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It is my understanding that women's gemara study is rabbinically prohibited. However, I keep hearing that the Lubavitcher Rebbe zt"l had an interesting, perhaps liberal position regarding women's study of gemara.

But I don't know exactly what it was, and pages like this do little to clear up the confusion. What was it? Did the Rebbe have--and/or does Chabad today have--an "official" position regarding the permissibility of gemara study for women?

(I am interested both in the most recent Lubavitcher Rebbe's position on this issue, and--insofar as it might be subtly different--in the holistic Chabad view, i.e., including positions of the previous Rebbes. I would also like to know what Chabad does in practice with this information; as far as I understand, it is a bit of a mixed bag, insofar as mainstream Chabad women learn Ayn Yaakov but not general gemara, but certain Chabad institutions have and do teach women gemara itself, if I am not mistaken. Can anyone confirm or refute?)

Related: Is it forbidden for a woman to learn Gemara?

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  • The Lubavitcher Rebbe isn't the only one to say women can / should learn gemara, many other great rabbi's are of the same opinion, read more here – Yaakov David Oct 13 '20 at 14:18
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I'd say "discouraged", not "prohibited." Generally, women should have the Torah background that they need to function. It's the pure, theoretical pursuit of knowledge that gave Chazal pause.

I'm told the Seventh Rebbe zt"l felt that some basic exposure to Gemara today is considered material that's needed to function, and therefore allowed and even encouraged. That may mean a few pages of practical material about Shabbos, Pesach, or Brachos to understand the halachic process behind them; not necessarily spending six months on Takfo Kohen or Shev Shmaytsa (if you don't know what those are, don't worry about it).

Rabbi Rakeffet has an mp3 about a meeting between the Lubavitcher Rebbe and a younger Belzer Rebbe where they're agreeing about the need for more textual exposure for the daughters of their communities, including some Gemara. If I recall correctly, a recording of that discussion is available.

It's not really that radical of a position.

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  • R' Berman was party to that meeting and he has said that women should learn gemara for yirat Hashem and that their learning should cover all of the mitzvot they were required to fulfil. Many Chabad rebbetzins I know learned from actual masechtot, rather than printed sheets when they were in [whatever Chabad calls their Beis Yaakov schools]. – Noach MiFrankfurt Jun 20 '16 at 12:40
  • @NoachMiFrankfurt Beis Rikvah – SAH Jun 20 '16 at 18:24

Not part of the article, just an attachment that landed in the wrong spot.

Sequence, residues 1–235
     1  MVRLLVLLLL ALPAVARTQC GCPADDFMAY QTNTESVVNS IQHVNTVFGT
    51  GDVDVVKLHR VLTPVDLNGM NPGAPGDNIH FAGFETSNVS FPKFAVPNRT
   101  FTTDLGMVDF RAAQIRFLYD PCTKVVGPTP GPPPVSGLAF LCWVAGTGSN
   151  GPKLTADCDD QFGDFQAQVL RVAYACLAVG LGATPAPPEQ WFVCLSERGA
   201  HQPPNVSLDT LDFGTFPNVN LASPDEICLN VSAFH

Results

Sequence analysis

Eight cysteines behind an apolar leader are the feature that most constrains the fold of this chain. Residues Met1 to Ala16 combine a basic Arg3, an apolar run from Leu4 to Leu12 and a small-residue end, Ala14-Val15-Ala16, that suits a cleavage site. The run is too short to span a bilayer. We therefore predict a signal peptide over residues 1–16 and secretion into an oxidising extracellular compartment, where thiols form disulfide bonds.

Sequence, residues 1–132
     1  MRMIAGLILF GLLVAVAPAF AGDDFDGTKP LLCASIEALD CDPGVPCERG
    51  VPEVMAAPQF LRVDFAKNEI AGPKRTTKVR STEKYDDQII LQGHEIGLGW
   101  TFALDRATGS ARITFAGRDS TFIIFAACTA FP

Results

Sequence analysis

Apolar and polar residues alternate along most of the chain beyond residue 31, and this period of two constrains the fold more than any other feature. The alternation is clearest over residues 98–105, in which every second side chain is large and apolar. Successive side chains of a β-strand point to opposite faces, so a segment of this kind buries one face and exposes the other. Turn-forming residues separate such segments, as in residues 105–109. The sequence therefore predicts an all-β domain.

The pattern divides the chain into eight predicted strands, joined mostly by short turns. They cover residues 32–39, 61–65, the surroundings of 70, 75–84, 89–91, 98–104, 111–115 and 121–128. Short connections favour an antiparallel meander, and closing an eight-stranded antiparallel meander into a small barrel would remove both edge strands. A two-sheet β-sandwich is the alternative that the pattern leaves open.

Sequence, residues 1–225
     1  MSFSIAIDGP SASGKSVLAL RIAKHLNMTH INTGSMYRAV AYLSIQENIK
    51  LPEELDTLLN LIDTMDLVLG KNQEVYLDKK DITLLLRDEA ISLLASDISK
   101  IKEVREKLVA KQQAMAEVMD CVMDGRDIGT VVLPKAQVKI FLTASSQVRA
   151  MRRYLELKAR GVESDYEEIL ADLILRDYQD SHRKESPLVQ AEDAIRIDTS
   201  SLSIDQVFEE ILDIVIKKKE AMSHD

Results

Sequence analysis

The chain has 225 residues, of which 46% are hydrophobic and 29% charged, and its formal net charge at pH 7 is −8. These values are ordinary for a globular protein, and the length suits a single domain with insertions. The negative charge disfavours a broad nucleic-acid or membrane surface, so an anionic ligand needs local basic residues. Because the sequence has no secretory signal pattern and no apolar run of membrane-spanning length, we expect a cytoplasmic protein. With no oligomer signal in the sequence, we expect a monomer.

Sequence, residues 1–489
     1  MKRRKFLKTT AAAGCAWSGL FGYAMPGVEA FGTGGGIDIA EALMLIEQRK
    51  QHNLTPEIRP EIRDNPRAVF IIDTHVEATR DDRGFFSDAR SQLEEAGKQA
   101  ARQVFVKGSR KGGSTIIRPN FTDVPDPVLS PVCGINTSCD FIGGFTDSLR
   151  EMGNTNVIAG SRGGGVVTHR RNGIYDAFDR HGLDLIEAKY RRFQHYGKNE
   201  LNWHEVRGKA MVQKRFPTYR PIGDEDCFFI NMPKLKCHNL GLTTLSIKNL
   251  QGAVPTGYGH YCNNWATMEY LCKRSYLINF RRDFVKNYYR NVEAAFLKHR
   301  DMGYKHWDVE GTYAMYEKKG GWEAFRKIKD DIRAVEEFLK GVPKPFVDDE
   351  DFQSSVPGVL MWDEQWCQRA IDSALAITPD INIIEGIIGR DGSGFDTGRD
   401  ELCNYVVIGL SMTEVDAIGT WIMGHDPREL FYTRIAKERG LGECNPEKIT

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    I'm told the Seventh Rebbe zt"l felt... Told by whom? – mevaqesh Dec 15 '16 at 6:21
  • @mevaqesh sorry -- a Lubavitch shliach with whom I'm friendly. He's now probably in his early 60s -- if that helps identify which generation. (I.e. he began his shlichus well before the rebbe's stroke.) – Shalom May 12 '20 at 18:40
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I learned from Rabbi Levke Kaplan of Chabad that the Lubavitcher Rebbe said women should study Talmud "without limitation."

I have since heard another shiur where this was confirmed; apparently, the Lubavitcher Rebbe privately discussed his position (strongly supporting women's access to and study of all parts of the Talmud, if I understand correctly) with the Belzer(?) Rebbe, who disagreed. Their conversation has been documented but I don't remember where.

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Why women don’t learn gemara In the days preceding Rosh Hashanah 5713 (1952), the Rebbe received a group of university students for a joint yechidus in his room. After a few words on the significance of the time, the Rebbe allowed for questions. One student asked, “Is Torah learning equal for girls as it is for boys? Does Lubavitch offer higher education in Torah for girls, such as Talmud studies? The Rebbe responded, “No. Men are obligated to study Gemara, but not women. “The reason for this is not because they are less capable, but because Hashem has entrusted them with a more important, loftier duty, and they are therefore absolved from learning Torah. “That holy duty,” the Rebbe explained, “is to imbue a spirit of Yiddishkeit in the next generation. In order to allow them to do this, they are exempt from limud haTorah.” (Teshurah Sandhaus, Shevat 5768)

http://www.merkazanash.com/sites/default/files/584%20-%20Rosh%20Hashana.pdf

look at the 2nd page 'a moment with the rebbe'

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